Tom turkey gobbler showing his fan of feathers. Photo copyright by Kim A. Cabrera 2008.

turkey hens and toms on a rock.  Photo copyright by Kim A. Cabrera 2008.

Tom turkey showing his handsome fan of feathers.

A group of hens and toms gather in a rock outcrop.

   

turkey track in mud. Photo copyright by Kim A. Cabrera 2008.

Wild turkey track in soft mud. Notice the clarity of the pattern on the bottom of the foot.
   

Right track of a wild turkey. Photo copyright by Kim A. Cabrera 2008.

A nice, clear right track from a wild turkey. The tiny backward-facing toe is called the hallux. It does not always show up in the tracks. In the photos of turkey feet on this page, you can see what the hallux looks like.
   

Wild turkey night roost in a Douglas fir tree. Photo copyright by Kim A. Cabrera 2007. Do not use without permission.

Where do turkeys go at night? They commonly roost in trees like this old Douglas fir. This gets them up off the ground, where they are more vulnerable to predators. High up in a tree, the turkeys can safely sleep the night away, knowing few predators can climb after them.

 
Wild turkey in a tree roost. Photo copyright by Kim A. Cabrera 2005.

Wild turkey in a tree roost. This fir tree was over 100 feet tall. The branches easily supported the weight of the turkey.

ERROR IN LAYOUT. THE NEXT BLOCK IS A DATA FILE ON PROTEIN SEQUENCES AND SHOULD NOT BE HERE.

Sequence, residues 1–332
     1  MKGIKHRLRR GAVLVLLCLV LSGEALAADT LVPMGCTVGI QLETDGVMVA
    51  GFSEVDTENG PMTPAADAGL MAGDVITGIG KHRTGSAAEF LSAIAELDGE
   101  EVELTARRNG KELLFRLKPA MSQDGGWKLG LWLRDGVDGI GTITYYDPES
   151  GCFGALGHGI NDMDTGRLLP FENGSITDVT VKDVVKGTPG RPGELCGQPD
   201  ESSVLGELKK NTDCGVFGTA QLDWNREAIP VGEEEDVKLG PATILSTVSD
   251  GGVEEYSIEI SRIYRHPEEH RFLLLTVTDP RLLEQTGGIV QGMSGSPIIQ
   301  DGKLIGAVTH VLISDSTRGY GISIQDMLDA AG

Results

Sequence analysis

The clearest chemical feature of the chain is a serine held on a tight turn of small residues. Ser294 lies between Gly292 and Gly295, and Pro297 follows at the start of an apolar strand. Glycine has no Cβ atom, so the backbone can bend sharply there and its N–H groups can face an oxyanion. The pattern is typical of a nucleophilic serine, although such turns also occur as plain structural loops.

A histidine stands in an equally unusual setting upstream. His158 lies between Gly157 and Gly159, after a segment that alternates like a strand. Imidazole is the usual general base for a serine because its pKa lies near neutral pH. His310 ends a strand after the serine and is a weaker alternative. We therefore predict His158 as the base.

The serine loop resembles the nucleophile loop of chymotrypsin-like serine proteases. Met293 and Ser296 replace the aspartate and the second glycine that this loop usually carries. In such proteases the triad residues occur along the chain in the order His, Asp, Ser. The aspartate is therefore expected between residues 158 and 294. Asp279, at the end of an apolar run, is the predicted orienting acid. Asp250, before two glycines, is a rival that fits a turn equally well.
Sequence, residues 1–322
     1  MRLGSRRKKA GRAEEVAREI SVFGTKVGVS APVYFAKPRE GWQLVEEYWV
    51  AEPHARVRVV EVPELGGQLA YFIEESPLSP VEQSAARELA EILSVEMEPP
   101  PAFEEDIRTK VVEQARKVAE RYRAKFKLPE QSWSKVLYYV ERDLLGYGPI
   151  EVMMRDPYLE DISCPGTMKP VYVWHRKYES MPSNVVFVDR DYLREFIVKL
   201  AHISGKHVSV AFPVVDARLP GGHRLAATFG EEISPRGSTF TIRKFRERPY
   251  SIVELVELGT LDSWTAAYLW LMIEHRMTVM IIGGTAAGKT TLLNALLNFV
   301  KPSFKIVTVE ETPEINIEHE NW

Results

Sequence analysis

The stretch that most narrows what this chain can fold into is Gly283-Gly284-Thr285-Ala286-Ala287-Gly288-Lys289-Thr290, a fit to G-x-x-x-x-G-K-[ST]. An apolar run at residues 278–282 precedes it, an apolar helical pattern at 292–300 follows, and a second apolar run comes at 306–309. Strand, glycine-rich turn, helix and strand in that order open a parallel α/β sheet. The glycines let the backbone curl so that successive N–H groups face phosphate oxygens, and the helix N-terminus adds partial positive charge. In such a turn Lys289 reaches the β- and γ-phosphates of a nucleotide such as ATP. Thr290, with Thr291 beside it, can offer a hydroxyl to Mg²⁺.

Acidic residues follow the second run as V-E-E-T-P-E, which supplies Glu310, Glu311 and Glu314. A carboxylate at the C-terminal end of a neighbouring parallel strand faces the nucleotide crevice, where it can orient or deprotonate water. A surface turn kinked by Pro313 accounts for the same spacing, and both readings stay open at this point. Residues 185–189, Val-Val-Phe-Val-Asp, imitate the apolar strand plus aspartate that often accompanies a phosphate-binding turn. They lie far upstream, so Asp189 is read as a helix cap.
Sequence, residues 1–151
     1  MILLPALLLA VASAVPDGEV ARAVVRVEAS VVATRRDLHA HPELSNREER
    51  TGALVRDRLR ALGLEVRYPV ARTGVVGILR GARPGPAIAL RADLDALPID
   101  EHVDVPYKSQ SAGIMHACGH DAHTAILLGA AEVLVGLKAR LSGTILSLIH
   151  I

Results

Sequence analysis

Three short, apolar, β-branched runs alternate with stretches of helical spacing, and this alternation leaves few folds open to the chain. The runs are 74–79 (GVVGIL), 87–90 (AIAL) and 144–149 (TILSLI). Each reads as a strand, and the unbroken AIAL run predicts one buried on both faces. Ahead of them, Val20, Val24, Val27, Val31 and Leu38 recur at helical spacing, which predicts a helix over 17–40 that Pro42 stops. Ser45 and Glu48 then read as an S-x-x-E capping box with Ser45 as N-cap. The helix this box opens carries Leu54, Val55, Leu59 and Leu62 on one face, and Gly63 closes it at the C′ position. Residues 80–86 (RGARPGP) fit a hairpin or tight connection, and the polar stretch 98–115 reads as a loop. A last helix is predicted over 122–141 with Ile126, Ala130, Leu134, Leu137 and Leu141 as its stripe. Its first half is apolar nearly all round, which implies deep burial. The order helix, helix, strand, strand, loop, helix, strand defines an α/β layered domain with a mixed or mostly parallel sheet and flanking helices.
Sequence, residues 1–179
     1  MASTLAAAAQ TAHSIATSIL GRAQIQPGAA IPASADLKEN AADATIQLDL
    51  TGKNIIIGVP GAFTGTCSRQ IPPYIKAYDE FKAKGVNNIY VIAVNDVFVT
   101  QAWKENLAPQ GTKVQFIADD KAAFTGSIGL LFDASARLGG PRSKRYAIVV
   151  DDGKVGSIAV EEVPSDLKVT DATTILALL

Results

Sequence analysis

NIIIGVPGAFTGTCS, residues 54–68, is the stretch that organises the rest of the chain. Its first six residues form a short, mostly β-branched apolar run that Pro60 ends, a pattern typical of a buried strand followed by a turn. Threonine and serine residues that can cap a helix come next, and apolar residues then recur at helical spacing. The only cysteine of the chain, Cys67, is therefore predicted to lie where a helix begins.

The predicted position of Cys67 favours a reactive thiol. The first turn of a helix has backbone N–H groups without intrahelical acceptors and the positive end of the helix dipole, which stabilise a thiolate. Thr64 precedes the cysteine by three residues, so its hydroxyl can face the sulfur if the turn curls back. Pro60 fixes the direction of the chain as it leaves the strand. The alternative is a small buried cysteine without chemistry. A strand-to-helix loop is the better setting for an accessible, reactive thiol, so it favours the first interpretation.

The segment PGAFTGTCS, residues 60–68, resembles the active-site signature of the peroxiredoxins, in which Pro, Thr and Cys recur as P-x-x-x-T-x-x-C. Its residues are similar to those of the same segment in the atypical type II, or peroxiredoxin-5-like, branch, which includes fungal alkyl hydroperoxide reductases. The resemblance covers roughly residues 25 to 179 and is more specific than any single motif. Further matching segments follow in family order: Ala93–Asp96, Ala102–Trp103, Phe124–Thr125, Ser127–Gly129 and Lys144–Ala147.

Turkey scratch marks. Feeding sign. Photo copyright by Kim A. Cabrera 2008.

These scratch marks were made by turkey feet. The birds were scratching on the ground in a search for food. Insects and seeds are found this way. This photo was taken in late summer in a drought year.

 
Tom turkey foot. Photo copyright by Kim A. Cabrera 2007. Wild turkey foot. Photo copyright by Kim A. Cabrera 2006.
The foot of a tom turkey. The males have the extra claw located high up on the leg. It is called a spur. They use this for fighting. The hind toe is called the hallux.
   
Gobbler with snood extended. Photo copyright by Kim A. Cabrera. 2007 A gobbler gobbling. Photo copyright by Kim A. Cabrera. 2007

This gobbler has his snood extended. The snood can lengthen and shorten in seconds.

A gobbler gobbling. The bright red color is often seen during the mating season when it serves to attract a mate. The major caruncles also get bigger.

 
Three Tom turkey gobblers on a hillside. Photo copyright by Kim A. Cabrera. 2007
These three gobblers paused on a grassy hillside to watch a group of hens nearby.
 
Two turkey gobblers visit the Eel River for a drink. Photo copyright by Kim A. Cabrera. 2007